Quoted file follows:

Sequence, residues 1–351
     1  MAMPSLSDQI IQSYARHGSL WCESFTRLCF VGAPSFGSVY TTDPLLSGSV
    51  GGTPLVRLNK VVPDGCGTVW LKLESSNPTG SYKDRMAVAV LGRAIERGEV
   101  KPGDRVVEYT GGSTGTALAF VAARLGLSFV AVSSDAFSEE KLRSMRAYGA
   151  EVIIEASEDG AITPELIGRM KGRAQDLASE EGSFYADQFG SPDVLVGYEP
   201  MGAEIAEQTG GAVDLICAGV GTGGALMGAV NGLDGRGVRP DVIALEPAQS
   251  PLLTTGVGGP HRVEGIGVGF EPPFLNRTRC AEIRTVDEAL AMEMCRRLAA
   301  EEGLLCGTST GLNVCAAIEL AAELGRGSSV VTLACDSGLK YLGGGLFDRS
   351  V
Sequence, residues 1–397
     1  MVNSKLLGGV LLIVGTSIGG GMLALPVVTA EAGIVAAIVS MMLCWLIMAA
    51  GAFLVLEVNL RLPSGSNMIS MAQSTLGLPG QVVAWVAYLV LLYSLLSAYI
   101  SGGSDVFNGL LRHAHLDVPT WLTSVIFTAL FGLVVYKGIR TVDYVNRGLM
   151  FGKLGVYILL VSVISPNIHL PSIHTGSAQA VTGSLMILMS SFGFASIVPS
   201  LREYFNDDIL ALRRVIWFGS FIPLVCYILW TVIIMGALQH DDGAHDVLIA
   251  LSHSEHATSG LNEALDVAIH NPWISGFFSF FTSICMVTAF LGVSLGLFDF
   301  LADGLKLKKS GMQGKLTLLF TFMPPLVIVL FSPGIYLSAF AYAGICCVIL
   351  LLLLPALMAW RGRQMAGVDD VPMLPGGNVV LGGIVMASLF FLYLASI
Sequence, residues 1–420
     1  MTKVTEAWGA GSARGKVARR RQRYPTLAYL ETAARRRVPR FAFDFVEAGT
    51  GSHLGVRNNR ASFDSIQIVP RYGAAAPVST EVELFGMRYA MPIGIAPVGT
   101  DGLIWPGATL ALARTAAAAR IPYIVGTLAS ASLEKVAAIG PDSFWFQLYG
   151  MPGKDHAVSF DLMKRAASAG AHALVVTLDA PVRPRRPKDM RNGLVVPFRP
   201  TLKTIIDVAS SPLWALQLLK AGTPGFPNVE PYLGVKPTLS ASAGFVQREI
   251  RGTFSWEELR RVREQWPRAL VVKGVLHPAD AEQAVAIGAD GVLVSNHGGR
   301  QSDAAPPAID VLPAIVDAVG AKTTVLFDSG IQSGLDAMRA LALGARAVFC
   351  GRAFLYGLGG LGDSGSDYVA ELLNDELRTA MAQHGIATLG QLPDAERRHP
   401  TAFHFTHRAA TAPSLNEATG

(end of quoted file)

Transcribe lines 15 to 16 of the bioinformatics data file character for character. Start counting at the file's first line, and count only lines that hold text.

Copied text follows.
   201  LREYFNDDIL ALRRVIWFGS FIPLVCYILW TVIIMGALQH DDGAHDVLIA
   251  LSHSEHATSG LNEALDVAIH NPWISGFFSF FTSICMVTAF LGVSLGLFDF